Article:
Konstantinović’s theory simultaneously branches out and turns in on itself, digressing tangentially and snowballing with historical examples. A modern reading will likely draw connections to a series of contemporary political events and movements, primarily Russia’s current actions and propaganda in its war on neighboring Ukraine and the rise of nationalist, white-supremacist, and xenophobic Trumpism (and related trends) in the US. The application of The Philosophy of Parochialism to critical discourses addressing the rise of authoritarian and reactionary governments today seems fruitful and necessary. Indeed, Konstantinović’s prescience is as impressive as his renewed relevance is discomfiting. Yet, his encyclopedic and ingenious mining of Serbian literary history—and that literature’s connection to state- and nation-building political and cultural projects—also suggests analogical inquiries into the genesis of dominant literary cultures elsewhere. I began to see analogous trends in the rise of US literary institutions operating on aesthetic theories that have been shaped by xenophobic, reactionary, and anti-historical notions and by a deep anxiety about the authenticity and exceptional purpose of “American” literature. In particular, Konstantinović’s deconstruction of the parochial spirit could shape an understanding of the problematic place of translation in (and the threat it has posed to) “American” literature.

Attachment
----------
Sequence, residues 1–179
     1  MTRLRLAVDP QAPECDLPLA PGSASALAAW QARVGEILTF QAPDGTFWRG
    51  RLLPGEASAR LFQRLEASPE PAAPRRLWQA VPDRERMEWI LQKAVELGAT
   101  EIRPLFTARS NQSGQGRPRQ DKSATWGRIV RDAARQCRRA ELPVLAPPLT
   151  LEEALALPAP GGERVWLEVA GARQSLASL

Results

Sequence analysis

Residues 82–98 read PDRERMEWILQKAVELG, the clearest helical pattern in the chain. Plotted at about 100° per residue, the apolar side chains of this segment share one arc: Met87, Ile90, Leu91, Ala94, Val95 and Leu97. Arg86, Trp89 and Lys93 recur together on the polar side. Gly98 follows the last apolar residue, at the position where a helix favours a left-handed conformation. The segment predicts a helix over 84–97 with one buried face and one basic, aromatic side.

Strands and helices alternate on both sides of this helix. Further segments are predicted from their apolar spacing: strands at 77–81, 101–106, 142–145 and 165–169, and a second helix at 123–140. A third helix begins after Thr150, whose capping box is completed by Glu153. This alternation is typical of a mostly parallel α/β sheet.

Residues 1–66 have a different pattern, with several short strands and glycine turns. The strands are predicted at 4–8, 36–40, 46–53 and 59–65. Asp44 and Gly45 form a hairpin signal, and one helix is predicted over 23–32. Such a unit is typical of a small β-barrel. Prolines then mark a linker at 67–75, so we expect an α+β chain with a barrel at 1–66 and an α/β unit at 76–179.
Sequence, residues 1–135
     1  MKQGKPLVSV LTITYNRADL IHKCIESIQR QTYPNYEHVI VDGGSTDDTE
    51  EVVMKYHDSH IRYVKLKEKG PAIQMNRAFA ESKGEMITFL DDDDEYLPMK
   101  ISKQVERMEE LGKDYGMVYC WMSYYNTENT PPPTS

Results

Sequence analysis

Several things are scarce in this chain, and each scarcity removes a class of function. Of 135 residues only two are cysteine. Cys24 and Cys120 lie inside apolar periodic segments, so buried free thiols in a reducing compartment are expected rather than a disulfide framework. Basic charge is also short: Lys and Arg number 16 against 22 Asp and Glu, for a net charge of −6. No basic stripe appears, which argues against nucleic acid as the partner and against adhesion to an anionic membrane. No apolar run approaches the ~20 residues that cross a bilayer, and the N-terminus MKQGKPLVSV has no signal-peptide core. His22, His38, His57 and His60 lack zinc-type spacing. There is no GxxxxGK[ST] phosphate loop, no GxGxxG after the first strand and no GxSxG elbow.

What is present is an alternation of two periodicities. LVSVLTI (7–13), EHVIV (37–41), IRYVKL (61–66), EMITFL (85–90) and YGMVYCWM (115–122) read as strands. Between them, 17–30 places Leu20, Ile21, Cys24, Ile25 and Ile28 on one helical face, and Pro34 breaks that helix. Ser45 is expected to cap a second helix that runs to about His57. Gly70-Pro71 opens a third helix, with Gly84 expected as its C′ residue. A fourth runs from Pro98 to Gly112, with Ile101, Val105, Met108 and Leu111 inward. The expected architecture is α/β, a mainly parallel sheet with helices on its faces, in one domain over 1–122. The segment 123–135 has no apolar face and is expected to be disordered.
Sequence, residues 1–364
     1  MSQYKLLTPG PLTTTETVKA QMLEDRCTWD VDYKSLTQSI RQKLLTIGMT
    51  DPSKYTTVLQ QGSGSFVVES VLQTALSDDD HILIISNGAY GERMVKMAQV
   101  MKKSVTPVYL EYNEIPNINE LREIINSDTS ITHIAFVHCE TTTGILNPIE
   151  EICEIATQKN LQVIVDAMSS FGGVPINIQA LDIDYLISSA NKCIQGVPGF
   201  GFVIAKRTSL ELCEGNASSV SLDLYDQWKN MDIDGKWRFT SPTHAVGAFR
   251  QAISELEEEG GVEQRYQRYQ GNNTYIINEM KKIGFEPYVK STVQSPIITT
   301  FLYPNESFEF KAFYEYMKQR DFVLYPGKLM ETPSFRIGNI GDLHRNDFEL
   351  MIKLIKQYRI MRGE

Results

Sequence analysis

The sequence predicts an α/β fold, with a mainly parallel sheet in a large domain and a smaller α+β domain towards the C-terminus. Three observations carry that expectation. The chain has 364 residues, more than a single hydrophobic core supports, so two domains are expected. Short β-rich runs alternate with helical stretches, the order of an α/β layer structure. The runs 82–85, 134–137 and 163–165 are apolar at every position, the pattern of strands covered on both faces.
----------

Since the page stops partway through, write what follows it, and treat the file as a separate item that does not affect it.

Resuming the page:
If, as Nietzsche posited, we can infer “the degree of the historical sense of any age … from the manner in which this age makes translations and tries to absorb former ages and books,” we may deduce even more from the manner in which translations and translators are positioned vis-à-vis a culture’s literary production in “its own” language—a language constituted by historical and political factors and powers but perceived as “natural,” as a “mother tongue.” Lawrence Venuti has argued that in dominant US literary culture, translation is dismissed as “a second-order representation … derivative, fake, potentially, a fake copy.” In a recent addition to the discourse that examines translation’s place in the literary field (established in part by Venuti), translator and exophonic writer Johannes Göransson elaborates a theory of translation’s (perceived) inauthenticity as a (perceived) threat through a discussion of twentieth-century anxieties over communication and technological mediation.